End of the Year, Dec 31, 2020
I am ready to consign this year to the archive. Like many of my colleagues, I spent most of my energy on transitioning from in-person to online classes. I admit that the process has lessened my aversion to online delivery, but it has also confirmed many of my preconceptions about the limitations of the process. Compared to what many of my colleagues and neighbors have experienced during this health emergency, I feel blessed that up to this point COVID-19 has only inconvenienced me. Back in March, I had hoped to work on the Gothic Subversions manuscript one day each week, but that did not work out. I have, however, recently submitted a proposal for the project and should know something early next year. My article on William G. Cheeney is still scheduled to appear in Jeff Forret and Bruce E. Baker's Southern Scoundrel's anthology in 2021. I also researched and wrote an article for another collection. The topic lies a bit outside my field of expertise, and I am not confident of its success, so I will wait to reveal it until I receive some feedback from my editors and peers. For 2021--COVID permitting--I am looking forward to returning to the classroom, getting lost in the archives, progressing on the book manuscript, and going back to the movies.
Started Writing on Gothic Subversion of US Expansion Book, Mar 25, 2020
Although I am a life-long adherent to social distancing, I admit that I am feeling a bit stir crazy as I shelter in place during this coronavirus outbreak. While I am committed to making my classes work online, I promised myself that I would reserve my foreseeable Wednesdays to "productivity." That is, I will focus on my research and writing projects. Today, I am pleased to say, I managed to write the first three "official" pages of my book project on the Gothic Subversion of US Expansion. I have been working toward this moment for quite a while. Technically, I began writing on the project with the "Give Me My Skin" essay that appeared in Dawn Keetley and Matthew Wynn Sivils, ed., Ecogothic in Nineteenth-Century American Literature (2017) and in a presentation on Charles W. Webber at the 2018 Western History Association meeting, but today marks the beginning of writing the book from Chapter 1 to its conclusion.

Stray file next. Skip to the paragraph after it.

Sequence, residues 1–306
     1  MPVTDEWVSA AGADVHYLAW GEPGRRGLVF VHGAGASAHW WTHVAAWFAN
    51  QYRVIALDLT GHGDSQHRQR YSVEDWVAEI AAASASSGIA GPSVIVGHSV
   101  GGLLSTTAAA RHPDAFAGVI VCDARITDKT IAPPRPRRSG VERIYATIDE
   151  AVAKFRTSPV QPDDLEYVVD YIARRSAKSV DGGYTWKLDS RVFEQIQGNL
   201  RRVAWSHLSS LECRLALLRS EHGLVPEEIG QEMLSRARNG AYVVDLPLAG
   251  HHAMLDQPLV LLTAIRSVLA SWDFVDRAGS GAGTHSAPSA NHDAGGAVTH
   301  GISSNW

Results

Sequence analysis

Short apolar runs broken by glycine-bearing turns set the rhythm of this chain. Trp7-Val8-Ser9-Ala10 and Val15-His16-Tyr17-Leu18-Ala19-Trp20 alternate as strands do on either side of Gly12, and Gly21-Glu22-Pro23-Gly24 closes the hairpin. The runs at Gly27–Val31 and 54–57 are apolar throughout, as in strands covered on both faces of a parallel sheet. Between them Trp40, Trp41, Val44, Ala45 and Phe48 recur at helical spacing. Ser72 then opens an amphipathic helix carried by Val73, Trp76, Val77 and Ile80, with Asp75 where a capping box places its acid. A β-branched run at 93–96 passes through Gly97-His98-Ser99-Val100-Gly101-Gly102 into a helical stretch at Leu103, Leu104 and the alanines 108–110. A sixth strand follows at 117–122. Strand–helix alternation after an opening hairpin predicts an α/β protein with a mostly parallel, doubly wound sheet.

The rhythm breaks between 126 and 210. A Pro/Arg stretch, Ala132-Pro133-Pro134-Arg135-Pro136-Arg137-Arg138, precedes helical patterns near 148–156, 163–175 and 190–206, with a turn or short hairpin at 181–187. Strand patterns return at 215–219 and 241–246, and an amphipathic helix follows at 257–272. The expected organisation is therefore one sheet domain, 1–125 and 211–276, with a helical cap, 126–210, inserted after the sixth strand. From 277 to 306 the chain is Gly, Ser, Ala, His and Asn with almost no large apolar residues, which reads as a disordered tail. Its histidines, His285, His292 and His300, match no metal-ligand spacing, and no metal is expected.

Article on William G. Cheeney to Appear in New Anthology, Mar 9, 2020
I received word that my article “'Irresistibly Impelled toward Illegal Appropriation': The Civil War Schemes of William G. Cheeney" will appear in Jeff Forret and Bruce E. Baker, eds., Capital's Scoundrels: Grifters and Graft in the Nineteenth-Century South, forthcoming from Louisiana State University Press, Spring 2021. This work represents a departure for me, not only in terms of fields of specialization, but also that I am writing about a direct ancestor. Cheeney was my third-great grandfather. When I shared his story with Jeff Forret, my colleague here at Lamar University, he encouraged me to investigate further and contribute an essay to this anthology. For more information, see "William G. Cheeney" under the "Projects" tab (here).